Contact a legal professional to evaluate your case at no charge.

Happy Birthday Social Security

This month marks Social Security’s 80th birthday (as well as the 50th anniversary of the Medicare and Medicaid programs). Franklin D. Roosevelt signed the Social Security retirement program into law in 1935. Benefits for dependent survivors were added in 1939. In 1956, disability insurance benefits were added. The Medicare and Medicaid programs were created in 1965.


Today, nearly 65 million American men, women and children receive benefits from the various Social Security programs, including retirement, disability, children’s benefits and SSI. According to the most current data from the SSA, the average retired worker receives about $1,335 per month and the average disabled worker about $1,165 per month. Not much to live on, but life-saving for many beneficiaries.


Social Security benefits play a vital role in reducing poverty. Without Social Security, more than 22 million more Americans would be poor according to the latest Census data. Most of those are elderly but nearly 1/3 are under age 65.


Last month the Social Security Board of Trustees released its annual report on the long-term financial status of the Social Security Trust Funds. The combined assets of the Old-Age and Survivors Insurance and Disability Insurance Trust Funds are projected to become depleted in 2034, with 79 percent of benefits payable at that time. Congress needs to act, and act now, to keep these vital programs intact. Let your Congressional representatives, and candidates for public office, know how important this issue is the country, its elderly and disabled. We want Social Security to continue to celebrate its anniversaries for years to come.
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Social Security Benefits and Worker’s Compensation Benefits Q/A

Q: I am over 60, and disabled from an on-the-job injury. I was just awarded Social Security disability benefits, but those benefits are reduced by more than $1,000 per month because of my workers’ compensation benefits. Is this correct? Is there anything I can do about it?

A: Federal law requires Social Security to reduce your disability benefit if you are also receiving workers’ compensation benefits. However, if you are 62 years or older, you have another option. You can stop your disability benefit and opt to receive your early retirement benefits with no offset because of your workers’ compensation benefit. Once your workers’ compensation claim settles, you can then resume receiving your Social Security Disability Benefits with no offset. The law here is complicated. There are other factors that may influence your decision.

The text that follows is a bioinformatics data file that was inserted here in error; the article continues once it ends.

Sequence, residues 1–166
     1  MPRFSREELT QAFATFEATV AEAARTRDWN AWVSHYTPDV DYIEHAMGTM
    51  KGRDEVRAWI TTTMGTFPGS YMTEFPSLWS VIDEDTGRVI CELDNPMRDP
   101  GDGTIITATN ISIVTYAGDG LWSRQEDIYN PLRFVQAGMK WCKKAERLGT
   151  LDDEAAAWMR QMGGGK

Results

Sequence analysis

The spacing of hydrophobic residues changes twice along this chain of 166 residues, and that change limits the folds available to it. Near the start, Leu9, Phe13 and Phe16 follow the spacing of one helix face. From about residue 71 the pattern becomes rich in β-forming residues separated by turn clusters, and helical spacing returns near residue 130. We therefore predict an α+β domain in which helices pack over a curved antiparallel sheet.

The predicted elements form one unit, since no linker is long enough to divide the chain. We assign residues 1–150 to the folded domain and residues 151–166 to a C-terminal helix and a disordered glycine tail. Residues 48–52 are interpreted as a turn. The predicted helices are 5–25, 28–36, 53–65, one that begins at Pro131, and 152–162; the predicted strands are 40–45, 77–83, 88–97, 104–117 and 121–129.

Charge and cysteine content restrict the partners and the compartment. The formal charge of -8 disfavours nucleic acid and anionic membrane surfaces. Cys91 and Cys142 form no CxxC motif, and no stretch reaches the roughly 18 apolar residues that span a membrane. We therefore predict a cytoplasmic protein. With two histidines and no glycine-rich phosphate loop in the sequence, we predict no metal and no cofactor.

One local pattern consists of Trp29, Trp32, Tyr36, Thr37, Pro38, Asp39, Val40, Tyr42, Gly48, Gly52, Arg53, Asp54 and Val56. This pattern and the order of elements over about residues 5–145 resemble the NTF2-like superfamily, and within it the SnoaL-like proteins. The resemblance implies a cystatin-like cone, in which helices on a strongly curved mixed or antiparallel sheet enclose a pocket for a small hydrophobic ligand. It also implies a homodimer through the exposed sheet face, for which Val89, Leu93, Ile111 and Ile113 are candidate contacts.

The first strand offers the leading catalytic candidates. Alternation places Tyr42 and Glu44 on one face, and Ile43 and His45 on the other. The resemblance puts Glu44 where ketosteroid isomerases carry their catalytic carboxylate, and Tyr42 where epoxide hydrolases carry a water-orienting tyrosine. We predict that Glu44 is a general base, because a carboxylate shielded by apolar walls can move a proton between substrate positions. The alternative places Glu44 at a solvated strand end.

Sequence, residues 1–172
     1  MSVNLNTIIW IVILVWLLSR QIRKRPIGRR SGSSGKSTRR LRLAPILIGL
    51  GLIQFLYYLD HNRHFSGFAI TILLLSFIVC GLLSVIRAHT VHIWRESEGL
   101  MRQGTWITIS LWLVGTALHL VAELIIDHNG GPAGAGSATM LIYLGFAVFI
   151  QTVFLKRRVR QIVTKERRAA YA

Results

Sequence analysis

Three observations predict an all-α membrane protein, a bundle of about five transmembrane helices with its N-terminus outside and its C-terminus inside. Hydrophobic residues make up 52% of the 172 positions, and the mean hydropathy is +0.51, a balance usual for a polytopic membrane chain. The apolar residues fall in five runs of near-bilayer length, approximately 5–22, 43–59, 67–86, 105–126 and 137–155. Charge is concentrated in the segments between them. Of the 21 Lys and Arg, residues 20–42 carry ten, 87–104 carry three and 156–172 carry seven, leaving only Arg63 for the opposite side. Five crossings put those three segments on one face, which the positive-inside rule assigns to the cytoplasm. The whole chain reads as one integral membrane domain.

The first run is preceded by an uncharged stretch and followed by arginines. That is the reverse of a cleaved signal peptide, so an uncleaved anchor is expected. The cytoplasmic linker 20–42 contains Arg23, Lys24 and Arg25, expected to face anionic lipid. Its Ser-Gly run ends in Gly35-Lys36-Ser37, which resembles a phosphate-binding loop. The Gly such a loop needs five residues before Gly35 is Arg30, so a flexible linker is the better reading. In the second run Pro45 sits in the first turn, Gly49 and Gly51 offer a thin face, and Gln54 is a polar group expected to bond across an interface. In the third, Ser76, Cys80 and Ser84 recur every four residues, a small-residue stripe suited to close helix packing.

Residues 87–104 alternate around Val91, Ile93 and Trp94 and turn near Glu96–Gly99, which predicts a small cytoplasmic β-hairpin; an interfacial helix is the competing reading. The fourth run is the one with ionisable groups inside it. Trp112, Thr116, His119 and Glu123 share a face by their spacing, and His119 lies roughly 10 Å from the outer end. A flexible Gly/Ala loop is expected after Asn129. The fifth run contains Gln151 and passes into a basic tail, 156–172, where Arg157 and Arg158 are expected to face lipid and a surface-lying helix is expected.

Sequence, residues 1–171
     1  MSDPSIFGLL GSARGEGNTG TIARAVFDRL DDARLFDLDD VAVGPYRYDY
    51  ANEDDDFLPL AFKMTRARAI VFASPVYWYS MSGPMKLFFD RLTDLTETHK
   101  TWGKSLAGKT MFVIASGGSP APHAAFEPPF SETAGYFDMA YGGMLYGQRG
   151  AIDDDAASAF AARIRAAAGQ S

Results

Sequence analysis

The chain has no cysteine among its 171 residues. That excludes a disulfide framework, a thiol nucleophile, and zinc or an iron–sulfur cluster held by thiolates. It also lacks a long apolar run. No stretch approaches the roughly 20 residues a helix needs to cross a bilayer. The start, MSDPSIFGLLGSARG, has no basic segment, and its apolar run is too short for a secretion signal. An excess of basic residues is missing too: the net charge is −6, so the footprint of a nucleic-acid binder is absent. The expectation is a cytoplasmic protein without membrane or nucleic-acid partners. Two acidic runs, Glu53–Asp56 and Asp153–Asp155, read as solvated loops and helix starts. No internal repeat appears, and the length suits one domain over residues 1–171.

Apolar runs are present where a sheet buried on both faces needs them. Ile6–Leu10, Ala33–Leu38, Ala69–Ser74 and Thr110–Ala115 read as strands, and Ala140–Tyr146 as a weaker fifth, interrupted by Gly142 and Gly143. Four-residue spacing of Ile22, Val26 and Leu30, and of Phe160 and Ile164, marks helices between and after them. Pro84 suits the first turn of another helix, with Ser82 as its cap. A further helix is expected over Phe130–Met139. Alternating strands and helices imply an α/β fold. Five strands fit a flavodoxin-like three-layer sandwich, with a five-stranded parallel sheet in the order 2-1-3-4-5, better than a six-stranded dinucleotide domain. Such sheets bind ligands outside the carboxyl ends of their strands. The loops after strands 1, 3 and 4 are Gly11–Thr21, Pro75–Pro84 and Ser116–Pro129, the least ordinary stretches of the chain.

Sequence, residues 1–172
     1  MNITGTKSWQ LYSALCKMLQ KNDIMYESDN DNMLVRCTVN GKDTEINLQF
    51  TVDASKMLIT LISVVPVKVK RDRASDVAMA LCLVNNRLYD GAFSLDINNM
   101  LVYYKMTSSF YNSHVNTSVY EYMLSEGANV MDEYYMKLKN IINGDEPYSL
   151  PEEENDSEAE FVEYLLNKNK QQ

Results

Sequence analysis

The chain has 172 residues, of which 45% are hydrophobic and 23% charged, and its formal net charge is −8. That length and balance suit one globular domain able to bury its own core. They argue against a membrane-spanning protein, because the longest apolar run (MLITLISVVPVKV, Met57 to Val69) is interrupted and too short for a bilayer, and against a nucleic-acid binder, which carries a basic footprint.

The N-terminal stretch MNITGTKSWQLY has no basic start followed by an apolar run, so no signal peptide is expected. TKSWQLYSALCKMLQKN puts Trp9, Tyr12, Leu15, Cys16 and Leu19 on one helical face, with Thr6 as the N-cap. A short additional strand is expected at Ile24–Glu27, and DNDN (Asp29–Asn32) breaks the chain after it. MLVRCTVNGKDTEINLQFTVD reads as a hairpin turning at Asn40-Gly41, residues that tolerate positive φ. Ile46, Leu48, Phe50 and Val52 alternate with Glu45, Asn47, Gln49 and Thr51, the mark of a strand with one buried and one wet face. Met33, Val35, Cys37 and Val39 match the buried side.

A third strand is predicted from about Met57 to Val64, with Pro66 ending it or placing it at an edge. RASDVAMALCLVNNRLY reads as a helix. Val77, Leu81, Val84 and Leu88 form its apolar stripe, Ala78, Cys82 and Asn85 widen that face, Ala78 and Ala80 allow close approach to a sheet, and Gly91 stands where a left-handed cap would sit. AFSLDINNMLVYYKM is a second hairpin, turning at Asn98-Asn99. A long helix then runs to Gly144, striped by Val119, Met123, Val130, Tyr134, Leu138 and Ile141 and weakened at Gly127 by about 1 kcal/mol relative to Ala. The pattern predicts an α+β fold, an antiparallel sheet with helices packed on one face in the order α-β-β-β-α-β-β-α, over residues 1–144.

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Worker’s Compensation Claim Insurance Question

Q: I filed a workers’ compensation claim for an injury to my hands. The insurance company wants to know every job I have had my entire life and is scheduling me to see one of their doctors. What is going on and do I have to cooperate?


A: Oregon Workers’ Compensation Claim law allows insurers up to 60 days to make a decision about accepting a claim. That means within 60 days after you filed your claim, the insurance company is required to do its investigation, which typically includes taking your statement, getting your medical records, and sometimes scheduling a medical appointment. Insurance companies can choose the doctor they send you to. Unfortunately, most of these doctors have an insurance bias and do not always agree with your doctors regarding the nature of your injury and its relationship to your work activities. By law, the injured worker has a duty to cooperate with the insurer’s investigation which usually means giving truthful and complete answers to the insurer’s questions, provided they are relevant to the claim, and obtaining an evaluation arranged by the insurer. You have the right to be represented, at no charge to you, during this process. The insurance companies are required to pay the injured worker’s attorney fees.

If you have questions, contact an attorney

What If My Insurance Company Denies my Work Injury Claim?